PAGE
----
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Per Kirkeby (1938-2018)
Artist's Resale Right ("Droit de Suite"). Artist's… Read more FROM THE ESTATE OF AN IMPORTANT GERMAN COLLECTOR
Per Kirkeby (1938-2018)

Landschaft (Landscape)

Details
Per Kirkeby (1938-2018)
Landschaft (Landscape)
signed and dated 'PER KIRKEBY 1984' (on the reverse)
oil on canvas
59 x 79 1/8in. (150 x 201cm.)
Executed in 1984
Provenance
Galerie Michael Werner, Cologne.
Private Collection (acquired from the above).
Thence by descent to the present owner.
Literature
A. H. Larsen, Per Kirkeby Paintings 1978-1989, Aarhus 2016, p. 308, no. M726 (illustrated in colour, p. 425).
Special notice

Artist's Resale Right ("Droit de Suite"). Artist's Resale Right Regulations 2006 apply to this lot, the buyer agrees to pay us an amount equal to the resale royalty provided for in those Regulations, and we undertake to the buyer to pay such amount to the artist's collection agent.

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Tessa Lord
Tessa Lord

Lot Essay

Painted in 1984, Landschaft (Landscape) is a sublime large-scale work by Per Kirkeby. Across two metres of canvas, the artist weaves a rich tableau of colour, light and texture, demonstrating the fluid abstract language that helped to further his international reputation during this period. Three years earlier, Kirkeby had been included in the seminal exhibition A New Spirit in Painting at the Royal Academy of Arts, London, alongside artists such as Georg Baselitz, Willem de Kooning and Philip Guston. The following year he participated in Documenta 7 as well as the legendary Zeitgeist exhibition held at the Martin-Gropius-Bau, Berlin. By 1984, he had taken his place as one of Scandinavia’s most important living artists: a status confirmed by Rudi Fuchs’ exhibition at the Stedelijk van Abbemuseum, Eindhoven, that year, which paired his work with that of Edvard Munch. Like his forebear, Kirkeby felt a deep connection with the landscape of his homeland, and sought to capture its rhythms and forms in paint. Inspired by his early studies in geology, he was less interested in depicting specific locations than in conveying their impression upon his mind’s eye. The dramatic vistas of his native Denmark were translated into surging abstract terrains that attempted to capture what Kirkeby described as nature’s ‘hidden reality’. ‘We only see it in glimpses’, he explained. ‘A painter can sometimes see it … and if I paint at all, it is only because I have those glimpses’ (P. Kirkeby, quoted in Per Kirkeby, Brussels, exh. cat., Galerie Phillipe Guimot, Brussels, 1991, p. 64).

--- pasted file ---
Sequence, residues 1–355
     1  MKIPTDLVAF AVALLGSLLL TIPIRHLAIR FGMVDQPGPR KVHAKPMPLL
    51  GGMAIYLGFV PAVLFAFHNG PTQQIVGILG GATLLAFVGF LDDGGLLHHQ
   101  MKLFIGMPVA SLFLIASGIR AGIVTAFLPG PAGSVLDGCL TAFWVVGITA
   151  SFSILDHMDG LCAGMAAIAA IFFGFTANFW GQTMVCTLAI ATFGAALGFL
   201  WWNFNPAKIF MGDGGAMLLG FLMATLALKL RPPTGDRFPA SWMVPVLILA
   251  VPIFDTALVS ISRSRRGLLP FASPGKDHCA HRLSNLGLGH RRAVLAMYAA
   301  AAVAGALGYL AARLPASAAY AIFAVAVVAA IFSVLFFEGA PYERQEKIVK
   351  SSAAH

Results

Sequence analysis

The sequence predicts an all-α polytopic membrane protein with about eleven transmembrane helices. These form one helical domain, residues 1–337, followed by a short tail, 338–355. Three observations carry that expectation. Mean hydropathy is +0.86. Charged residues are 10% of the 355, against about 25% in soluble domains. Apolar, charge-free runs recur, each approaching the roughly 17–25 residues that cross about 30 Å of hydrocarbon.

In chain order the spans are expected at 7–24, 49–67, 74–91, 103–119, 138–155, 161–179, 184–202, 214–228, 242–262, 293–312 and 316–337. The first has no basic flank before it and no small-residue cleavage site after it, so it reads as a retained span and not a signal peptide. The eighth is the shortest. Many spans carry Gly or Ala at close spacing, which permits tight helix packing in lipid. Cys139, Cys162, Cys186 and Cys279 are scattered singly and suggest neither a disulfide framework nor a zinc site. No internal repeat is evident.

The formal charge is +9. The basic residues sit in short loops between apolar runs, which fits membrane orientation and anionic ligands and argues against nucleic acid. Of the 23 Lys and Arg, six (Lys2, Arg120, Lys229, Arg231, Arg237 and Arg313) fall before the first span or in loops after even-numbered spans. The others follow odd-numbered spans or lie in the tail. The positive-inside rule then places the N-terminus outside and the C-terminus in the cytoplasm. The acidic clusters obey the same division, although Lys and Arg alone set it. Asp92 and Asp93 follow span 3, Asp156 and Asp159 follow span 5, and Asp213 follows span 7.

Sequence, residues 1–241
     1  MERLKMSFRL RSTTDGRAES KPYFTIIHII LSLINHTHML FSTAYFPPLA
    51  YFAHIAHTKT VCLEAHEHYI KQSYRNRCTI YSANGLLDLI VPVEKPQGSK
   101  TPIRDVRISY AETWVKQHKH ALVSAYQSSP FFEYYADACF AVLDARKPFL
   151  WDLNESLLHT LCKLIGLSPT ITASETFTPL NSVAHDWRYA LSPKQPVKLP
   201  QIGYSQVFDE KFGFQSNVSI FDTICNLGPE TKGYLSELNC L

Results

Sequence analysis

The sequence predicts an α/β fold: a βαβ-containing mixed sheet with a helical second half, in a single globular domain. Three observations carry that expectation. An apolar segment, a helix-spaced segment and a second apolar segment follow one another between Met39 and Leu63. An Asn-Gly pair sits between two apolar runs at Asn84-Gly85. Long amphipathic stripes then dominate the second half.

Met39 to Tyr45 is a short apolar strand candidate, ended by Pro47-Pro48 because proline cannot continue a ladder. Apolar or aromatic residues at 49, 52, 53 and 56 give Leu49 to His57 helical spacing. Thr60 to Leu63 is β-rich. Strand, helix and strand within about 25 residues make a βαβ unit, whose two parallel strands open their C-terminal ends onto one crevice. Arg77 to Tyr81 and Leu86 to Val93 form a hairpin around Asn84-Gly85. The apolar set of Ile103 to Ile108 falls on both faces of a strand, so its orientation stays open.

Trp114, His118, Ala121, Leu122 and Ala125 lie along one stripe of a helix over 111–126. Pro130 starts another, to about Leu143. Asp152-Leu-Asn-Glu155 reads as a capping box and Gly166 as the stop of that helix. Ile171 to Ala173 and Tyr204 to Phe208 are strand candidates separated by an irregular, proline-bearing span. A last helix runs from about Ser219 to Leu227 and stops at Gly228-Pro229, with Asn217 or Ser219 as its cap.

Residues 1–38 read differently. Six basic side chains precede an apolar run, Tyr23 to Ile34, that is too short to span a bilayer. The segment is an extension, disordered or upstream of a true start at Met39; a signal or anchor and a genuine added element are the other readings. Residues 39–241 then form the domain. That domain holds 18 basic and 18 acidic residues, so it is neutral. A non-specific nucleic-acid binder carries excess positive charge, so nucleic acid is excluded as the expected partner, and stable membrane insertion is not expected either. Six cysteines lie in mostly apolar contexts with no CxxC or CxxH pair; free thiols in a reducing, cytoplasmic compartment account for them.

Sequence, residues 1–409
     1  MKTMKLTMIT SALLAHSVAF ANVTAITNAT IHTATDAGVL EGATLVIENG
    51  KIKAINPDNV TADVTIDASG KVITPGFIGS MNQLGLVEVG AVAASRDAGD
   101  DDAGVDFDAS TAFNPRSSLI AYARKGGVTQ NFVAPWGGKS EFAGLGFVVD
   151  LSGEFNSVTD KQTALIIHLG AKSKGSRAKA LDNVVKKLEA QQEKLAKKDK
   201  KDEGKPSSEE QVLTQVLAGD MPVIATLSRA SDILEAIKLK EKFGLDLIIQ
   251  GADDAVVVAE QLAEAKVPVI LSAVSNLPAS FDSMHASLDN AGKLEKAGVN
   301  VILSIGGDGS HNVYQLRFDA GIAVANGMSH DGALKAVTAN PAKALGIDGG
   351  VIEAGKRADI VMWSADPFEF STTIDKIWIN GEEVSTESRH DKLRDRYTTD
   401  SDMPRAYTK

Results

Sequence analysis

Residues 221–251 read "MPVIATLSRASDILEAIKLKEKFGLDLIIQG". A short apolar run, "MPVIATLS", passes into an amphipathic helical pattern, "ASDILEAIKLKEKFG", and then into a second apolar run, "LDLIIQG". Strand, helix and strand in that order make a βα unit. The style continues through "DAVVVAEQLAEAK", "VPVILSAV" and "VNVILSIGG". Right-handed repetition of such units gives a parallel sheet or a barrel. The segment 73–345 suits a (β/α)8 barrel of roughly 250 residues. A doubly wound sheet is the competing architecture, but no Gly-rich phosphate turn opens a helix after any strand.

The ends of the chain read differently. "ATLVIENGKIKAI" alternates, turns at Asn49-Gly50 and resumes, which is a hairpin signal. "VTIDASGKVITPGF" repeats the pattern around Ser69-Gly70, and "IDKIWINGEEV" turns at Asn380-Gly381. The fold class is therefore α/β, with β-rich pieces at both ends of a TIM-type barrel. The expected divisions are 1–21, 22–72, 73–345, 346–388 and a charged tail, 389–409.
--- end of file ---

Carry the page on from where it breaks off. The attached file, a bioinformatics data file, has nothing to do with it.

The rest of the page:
Though frequently associated with German Neo-Expressionism, Kirkeby sought inspiration in the depths of art history, looking at Caspar David Friedrich’s glowing depictions of the Northern European landscape, as well as the work of Vincent Van Gogh and Paul Cézanne. He was particularly influenced by the latter’s attempts to capture the way in which we process visual information: ‘I believe that Cézanne makes a connection in the way he speaks of the insight into Nature that one achieves later in life, which is also an insight into the nature of the picture’, he has explained. ‘The picture, too, is nature. The forces that pile up in Mont Sainte-Victoire are no different from those that organize the picture. Perhaps, this is why his last pictures are built up like a hewn stone wall’ (P. Kirkeby, Håndbog, Borgen 1991, p. 150). The ‘all-over’ surfaces of American Abstract Expressionism also impacted his approach, and indeed are palpable in the present work’s gestural terrain. Despite these painterly influences, the artist retained a strong interest in multi-media, owing perhaps to his early affiliation with the Fluxus group during the 1960s. Over the course of his practice, he explored poetry, performance, sculpture, film-making and installation, designing sets for the New York City Ballet and creating visual effects for three films by Lars Von Trier. Such wide-ranging investigations were part and parcel of his belief that art-making should attempt to address the perpetual flux of reality. Hovering between abstraction and figuration, the present work is an exquisite expression of this aim.

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